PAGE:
KNOXVILLE — The Alabama Crimson Tide is a 17-point favorite over Tennessee in the Southeastern Conference football game scheduled for Neyland Stadium here Saturday.
So you might say that Randy Howell, representing the Tide, covered the spread against David Walker, who represented the Vols, Thursday morning.
Howell's final margin was 23-0 in the first-ever, two-hour webcast B.A.S.S. Brawl, which took place in the shadow of Neyland Stadium on the Tennessee River.
But it was closer to a draw than the score would indicate. Under bluebird skies and high barometric pressure, Howell's victory came on three bass that totaled less than a pound. The "big bass" weighed exactly 0.39 pounds. It was a largemouth. Howell also caught two smallmouths in the final 30 minutes.
"The largemouth was the king of the big fish today," said Howell with a laugh. "I guarantee you those two smallmouth weighed more like .25."
Said Walker, "I knew it was going to be tough. I didn't know it was going to be this tough."
The two-hour format provided each angler one hour running the trolling motor at the front of his Bassmaster Elite Series tournament boat. Walker, who is from Sevierville, Tenn., had some previous experience on this stretch of the Tennessee River. Howell, who lives in Springville, Ala., won the coin flip to determine which angler would be fishing from the front of his boat for the first hour.
"Since I didn't know anything about this area, I wanted David to go first," Howell said. "It was scary. He had the first cast in those places where I was expecting him to get bit."
Walker decided to run upstream from downtown Knoxville to an area near the confluence of the Holston and French Broad rivers. This is considered the beginning of the Tennessee River. Both men threw big baits along bluff banks in stained water. But neither angler had a bite in the first hour.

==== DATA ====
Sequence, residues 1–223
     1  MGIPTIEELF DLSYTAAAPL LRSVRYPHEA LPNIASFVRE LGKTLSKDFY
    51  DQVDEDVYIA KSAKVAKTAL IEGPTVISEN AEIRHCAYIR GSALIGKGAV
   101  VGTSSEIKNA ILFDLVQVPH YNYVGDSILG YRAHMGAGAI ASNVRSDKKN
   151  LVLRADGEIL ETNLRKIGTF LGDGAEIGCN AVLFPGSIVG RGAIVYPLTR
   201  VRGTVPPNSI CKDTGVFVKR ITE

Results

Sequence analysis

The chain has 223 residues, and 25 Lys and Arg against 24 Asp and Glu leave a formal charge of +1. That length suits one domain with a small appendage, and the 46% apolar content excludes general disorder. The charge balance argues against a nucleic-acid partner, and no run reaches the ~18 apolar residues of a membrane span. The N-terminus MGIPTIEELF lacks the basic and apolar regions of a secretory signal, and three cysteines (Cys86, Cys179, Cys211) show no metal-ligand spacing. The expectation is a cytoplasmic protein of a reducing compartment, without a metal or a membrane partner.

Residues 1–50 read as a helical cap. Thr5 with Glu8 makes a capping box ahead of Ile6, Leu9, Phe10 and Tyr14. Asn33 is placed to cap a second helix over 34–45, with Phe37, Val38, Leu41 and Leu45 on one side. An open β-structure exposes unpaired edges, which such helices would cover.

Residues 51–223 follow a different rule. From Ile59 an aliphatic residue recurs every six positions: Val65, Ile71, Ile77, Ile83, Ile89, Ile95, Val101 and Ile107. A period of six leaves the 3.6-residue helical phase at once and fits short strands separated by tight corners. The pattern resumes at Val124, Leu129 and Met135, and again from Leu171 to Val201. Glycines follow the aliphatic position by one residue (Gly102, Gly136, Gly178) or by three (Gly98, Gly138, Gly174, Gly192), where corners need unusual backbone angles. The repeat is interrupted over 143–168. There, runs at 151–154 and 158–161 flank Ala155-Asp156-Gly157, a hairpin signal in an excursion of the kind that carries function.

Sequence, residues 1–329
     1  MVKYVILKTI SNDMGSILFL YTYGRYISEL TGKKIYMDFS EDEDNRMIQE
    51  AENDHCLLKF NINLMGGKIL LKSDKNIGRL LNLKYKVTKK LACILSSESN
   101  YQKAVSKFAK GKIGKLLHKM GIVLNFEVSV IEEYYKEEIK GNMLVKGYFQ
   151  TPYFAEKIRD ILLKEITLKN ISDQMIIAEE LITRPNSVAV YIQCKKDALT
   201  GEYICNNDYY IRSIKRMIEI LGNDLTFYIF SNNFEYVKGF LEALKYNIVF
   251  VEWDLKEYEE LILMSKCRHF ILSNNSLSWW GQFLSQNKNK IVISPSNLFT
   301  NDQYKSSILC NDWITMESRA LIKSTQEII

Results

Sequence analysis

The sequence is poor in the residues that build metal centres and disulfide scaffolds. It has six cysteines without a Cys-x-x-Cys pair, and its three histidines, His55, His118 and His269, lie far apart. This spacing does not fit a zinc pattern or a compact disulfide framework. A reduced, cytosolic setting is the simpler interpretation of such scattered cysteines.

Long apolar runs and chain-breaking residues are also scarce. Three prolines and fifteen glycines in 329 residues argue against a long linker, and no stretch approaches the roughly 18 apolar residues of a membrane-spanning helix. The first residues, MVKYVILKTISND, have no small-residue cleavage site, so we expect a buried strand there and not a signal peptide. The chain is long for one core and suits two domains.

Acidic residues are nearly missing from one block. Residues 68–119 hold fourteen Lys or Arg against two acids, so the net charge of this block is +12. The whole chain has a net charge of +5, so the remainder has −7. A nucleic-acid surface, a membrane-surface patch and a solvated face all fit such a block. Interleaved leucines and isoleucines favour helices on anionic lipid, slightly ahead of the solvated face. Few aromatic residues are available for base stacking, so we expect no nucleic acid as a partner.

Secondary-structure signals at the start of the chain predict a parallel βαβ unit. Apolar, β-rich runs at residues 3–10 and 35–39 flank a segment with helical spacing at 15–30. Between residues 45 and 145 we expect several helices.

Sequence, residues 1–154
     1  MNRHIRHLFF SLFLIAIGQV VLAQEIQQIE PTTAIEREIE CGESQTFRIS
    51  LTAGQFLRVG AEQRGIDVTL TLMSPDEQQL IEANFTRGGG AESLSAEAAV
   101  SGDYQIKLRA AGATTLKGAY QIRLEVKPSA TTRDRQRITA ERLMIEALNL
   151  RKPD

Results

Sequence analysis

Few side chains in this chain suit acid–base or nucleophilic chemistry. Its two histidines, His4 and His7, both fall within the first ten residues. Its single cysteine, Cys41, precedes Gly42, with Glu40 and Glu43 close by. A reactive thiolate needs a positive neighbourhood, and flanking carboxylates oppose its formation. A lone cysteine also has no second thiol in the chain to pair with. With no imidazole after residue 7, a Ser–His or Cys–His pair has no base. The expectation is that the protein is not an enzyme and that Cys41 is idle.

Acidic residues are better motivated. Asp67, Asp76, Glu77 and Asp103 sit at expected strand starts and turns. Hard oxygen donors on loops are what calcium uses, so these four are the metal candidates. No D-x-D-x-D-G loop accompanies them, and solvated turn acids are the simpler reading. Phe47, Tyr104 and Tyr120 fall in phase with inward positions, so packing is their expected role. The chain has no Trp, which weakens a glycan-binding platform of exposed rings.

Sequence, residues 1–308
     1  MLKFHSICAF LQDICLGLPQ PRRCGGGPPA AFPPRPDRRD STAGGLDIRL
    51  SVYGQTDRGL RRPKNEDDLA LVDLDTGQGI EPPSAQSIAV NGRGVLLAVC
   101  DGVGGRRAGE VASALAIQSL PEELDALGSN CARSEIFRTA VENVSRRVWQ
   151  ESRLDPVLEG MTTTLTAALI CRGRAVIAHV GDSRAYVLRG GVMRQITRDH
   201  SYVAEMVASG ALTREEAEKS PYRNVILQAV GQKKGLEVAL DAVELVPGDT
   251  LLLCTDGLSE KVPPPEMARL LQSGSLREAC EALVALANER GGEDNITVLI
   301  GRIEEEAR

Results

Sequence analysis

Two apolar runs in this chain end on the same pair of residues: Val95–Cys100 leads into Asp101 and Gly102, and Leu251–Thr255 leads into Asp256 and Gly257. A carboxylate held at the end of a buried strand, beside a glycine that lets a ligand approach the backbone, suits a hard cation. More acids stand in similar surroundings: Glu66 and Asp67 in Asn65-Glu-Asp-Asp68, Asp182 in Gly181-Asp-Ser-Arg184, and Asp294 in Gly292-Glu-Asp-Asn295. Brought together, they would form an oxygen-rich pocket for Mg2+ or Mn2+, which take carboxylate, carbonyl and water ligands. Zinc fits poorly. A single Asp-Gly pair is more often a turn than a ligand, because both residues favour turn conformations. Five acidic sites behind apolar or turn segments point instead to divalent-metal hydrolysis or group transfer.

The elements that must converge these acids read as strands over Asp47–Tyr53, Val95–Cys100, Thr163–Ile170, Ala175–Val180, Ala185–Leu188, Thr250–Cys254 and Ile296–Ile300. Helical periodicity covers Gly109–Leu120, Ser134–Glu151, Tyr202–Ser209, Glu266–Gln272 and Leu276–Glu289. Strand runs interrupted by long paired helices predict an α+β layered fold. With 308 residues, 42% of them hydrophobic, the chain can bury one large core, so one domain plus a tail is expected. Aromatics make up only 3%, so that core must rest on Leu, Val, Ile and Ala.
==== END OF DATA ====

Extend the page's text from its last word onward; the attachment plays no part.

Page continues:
When Howell had his chance at the front of his boat, he moved them to a riprap bank in the Holston River, where he caught the "monster" .39-pounder on a small square-billed crankbait.
In the final 20 minutes, Howell moved back down into the Tennessee River, where he caught his two small smallmouths on an even smaller square-bill than the one the largemouth bit.
The format, with both anglers fishing on the front deck of the boats, was something neither had experienced since the Bassmaster Invitationals, "and that was 14 or 15 years ago," Walker said.
"When you're fishing shallow like we were today, a lot of times it's the first cast, if there's going to be a fish there," said Howell, the 2014 Bassmaster Classic champion. "Typically, the guy in the front of the boat is going to have a better chance to make that first cast."
Howell and Walker made the two-hour webcast entertaining by revealing fishing tactics and recalling tales from their pro fishing careers. The two hours went by quickly, even if they weren't catching much.
So how would the two pros make use of those two hours if they were fishing another six hours in a tournament?
"I'm glad we didn't have to," said Howell.
Walker agreed, saying, "I'd put the boat on the trailer."
Seriously, they did discover some clues on how to build on the 120-minute experience.
"We started fishing those steep bluffs with big baits, and we never had any bites doing that," Walker said. "The last little bit, we fished that riprap with small baits. Obviously, the fish were small too. But now we're starting to get a clue.
"It would provide an opportunity to go back and fish those (first) areas with some smaller baits, like a little shaky head.
"Just catching a couple of little fish, we make a joke about it, but it is starting to give you some direction."
Walker and Howell good-naturedly shared water, no matter who was in the front of the boat. But that wouldn't necessarily be the case, in further editions of this format.
"You've got to be a little cold-hearted," said Walker, with a smile. "Neither one of us is that cold-hearted. We both wanted to win, obviously. But you don't want to win because you stuck it to the other guy."
Randy Howell won Thursday by catching the most fish, no matter how small they were.
"This is a keychain-size bass," said Howell as he boated his third and final fish. "All I can say is, 'Roll Tide'."